Stockholder Alleges Virgin Galactic Lied About Flight Tests

Richard Branson hovers in the air during his test flight on the Unity22 spaceplane.

Richard Branson, the 70-year-old founder of Virgin Group and CEO of Virgin Galactic, flew on the Unity22 test flight back in 2021, which was later reported to have gone off course.
photo: Virgo Galactic

A Virgin Galactic shareholder takes the company’s executives to task, saying they have a penchant for covering up major flaws found in the company’s tests Unit Spaceplanes have hurt investors’ chances of a big win in the commercial space race.

In a new one legal action Filed in the Delaware District Court on Monday, shareholder Yousef Abughazaleh alleges that the space company, its executives and its billionaire founder Richard Branson lied about how good and safe its spaceplanes were in order to boost the company’s stock price and cash executives in more than $1.3 billion of common stock. The lawsuit was filed on behalf of Virgin Galactic Holdings Incorporated.

In the lawsuit, Abughazaleh alleges that Virgin Galactic, along with its executives, caused the company to “misrepresent and conceal significant mishaps and setbacks during test flights.” The defendants “hid this information to get into the public markets” and “sold hundreds of millions of dollars worth of Virgin Galactic stock before” the company’s shortcomings were exposed. Eventually, word spread, causing the company’s “stock price.” [to] decrease significantly,” the lawsuit states.

The entire 52-page lawsuit reads like a lengthy history of all of Virgin Galactic’s alleged failures since 2007 rocket engine explosion which killed three workers, to the failed SpaceShipTwo test flight in 2014, which killed a pilot and injured a co-pilot (although the National Transportation Safety Board blamed pilot error for this tragedy). However, the lawsuit itself is subject to the company’s 2019 and 2021 years Unit suborbital spaceplane flights and whether the company has hidden multiple system failures from the public.

Last November a federal judge opened the door for shareholders to follow the company for statements made in 2019 and 2021 about how it is making “great progress” on its commercial space program. The company initially claimed that its SpaceShipTwo VSS was launched in February 2019 Unit was a Success. In the same year reporter Nicholas Schmidle wrote that one of the suborbital spacecraft’s stabilizers had malfunctioned Unit‘s then test pilot and former VP of Safety for the company.

In 2021, Branson announced his success 50 mile flight aboard his Virgin Galactic Unit rocket plane This should further the company’s goal of creating a luxurious experience for suborbital travelers. Shortly after the flight, Schmidle published a scathing article in The New Yorker, urging the Federal Aviation Administration to step in and investigate this start that experiences big problem The took the flight outside of its assigned airspace.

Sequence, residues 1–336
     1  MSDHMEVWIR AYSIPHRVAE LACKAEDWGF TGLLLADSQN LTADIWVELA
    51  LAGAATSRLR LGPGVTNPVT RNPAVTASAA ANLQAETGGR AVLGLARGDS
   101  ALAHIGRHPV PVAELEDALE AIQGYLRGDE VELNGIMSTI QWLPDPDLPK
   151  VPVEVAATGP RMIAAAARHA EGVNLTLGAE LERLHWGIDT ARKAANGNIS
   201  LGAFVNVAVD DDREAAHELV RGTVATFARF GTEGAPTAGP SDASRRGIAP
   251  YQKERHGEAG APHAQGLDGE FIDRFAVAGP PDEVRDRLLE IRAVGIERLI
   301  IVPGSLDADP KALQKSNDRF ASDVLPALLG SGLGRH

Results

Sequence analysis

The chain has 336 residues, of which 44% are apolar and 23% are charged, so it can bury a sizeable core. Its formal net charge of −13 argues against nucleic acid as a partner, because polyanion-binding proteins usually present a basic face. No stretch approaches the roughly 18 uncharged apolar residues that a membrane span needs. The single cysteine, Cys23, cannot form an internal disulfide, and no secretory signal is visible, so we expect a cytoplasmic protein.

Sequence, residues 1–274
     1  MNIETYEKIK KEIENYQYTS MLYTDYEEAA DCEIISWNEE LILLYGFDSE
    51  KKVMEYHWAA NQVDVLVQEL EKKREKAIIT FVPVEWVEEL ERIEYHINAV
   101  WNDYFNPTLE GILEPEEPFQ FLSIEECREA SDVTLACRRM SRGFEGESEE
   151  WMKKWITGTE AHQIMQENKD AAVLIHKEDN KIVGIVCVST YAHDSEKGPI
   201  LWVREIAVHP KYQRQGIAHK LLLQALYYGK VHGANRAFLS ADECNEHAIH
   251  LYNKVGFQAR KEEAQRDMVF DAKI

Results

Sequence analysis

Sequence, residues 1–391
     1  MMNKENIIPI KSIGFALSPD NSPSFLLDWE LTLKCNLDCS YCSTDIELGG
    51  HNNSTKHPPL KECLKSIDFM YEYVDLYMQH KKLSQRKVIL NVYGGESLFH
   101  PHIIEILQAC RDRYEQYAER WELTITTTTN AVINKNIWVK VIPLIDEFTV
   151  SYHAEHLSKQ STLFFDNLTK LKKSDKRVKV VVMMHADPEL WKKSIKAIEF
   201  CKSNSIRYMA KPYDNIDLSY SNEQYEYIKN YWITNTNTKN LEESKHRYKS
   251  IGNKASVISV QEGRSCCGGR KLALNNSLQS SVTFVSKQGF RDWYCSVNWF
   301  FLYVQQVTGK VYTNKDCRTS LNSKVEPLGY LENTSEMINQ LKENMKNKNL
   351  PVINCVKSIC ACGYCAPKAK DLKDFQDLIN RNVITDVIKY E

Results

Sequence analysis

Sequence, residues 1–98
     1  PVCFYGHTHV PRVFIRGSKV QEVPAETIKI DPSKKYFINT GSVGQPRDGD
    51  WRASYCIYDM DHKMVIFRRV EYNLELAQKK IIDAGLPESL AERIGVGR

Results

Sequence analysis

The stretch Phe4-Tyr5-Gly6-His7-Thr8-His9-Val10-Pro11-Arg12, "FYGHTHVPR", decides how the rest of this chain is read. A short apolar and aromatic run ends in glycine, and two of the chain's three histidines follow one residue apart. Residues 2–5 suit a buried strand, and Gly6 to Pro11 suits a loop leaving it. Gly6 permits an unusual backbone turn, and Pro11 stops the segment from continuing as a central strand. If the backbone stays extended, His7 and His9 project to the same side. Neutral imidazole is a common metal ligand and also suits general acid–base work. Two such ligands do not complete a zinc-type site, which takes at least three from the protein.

Branson was called out for his magnificent nature, such as when reports featured him faked the advertising bike tour allegedly he took the botched flight 2021 with him. Finally, the FAA allows SpaceShipTwo flights resume, but only after Virgin Galactic has implemented the required corrective actions. However, the company’s stock price has been falling steadily since mid-2021, and Virgin Galactic has not conducted a suborbital launch since Branson flew into space. By the end of 2022, the company’s stock price had fallen more than 90% from its February 2021 peak. The company’s stock price is still well below those highs at the time of writing.

The shareholder is asking the courts to force executives to put millions of dollars in stock sales back into the company and otherwise do better at communicating the company’s mistakes.

“We believe the allegations are unfounded and we stand by the safety of our vehicles,” a Virgin Galactic spokesman said in an emailed statement to Gizmodo. “We will vigorously defend ourselves in the appropriate forum.”

Virgin Galactic has finally launched its spaceplane carrier, the VMS Eve, back in the air for a test flight on Wednesday. The return of the 2008 carrier ship did a little to help support the company’s struggling stock price, but it still wasn’t enough to overcome the many other struggles that Branson’s other space-focused companies have faced of late. Virgin Orbit, which focuses on satellite launches, has had experience liquidity problems since the end of last year. Last month, Virgin Orbit’s LauncherOne rocket, which was set to deploy multiple low-orbit satellites fell back to earth. The company A defective filter was to blame for the bad start.

Virgin Galactic is is expected to report fourth quarter and full year 2022 results February 28th. Stockholder Alleges Virgin Galactic Lied About Flight Tests

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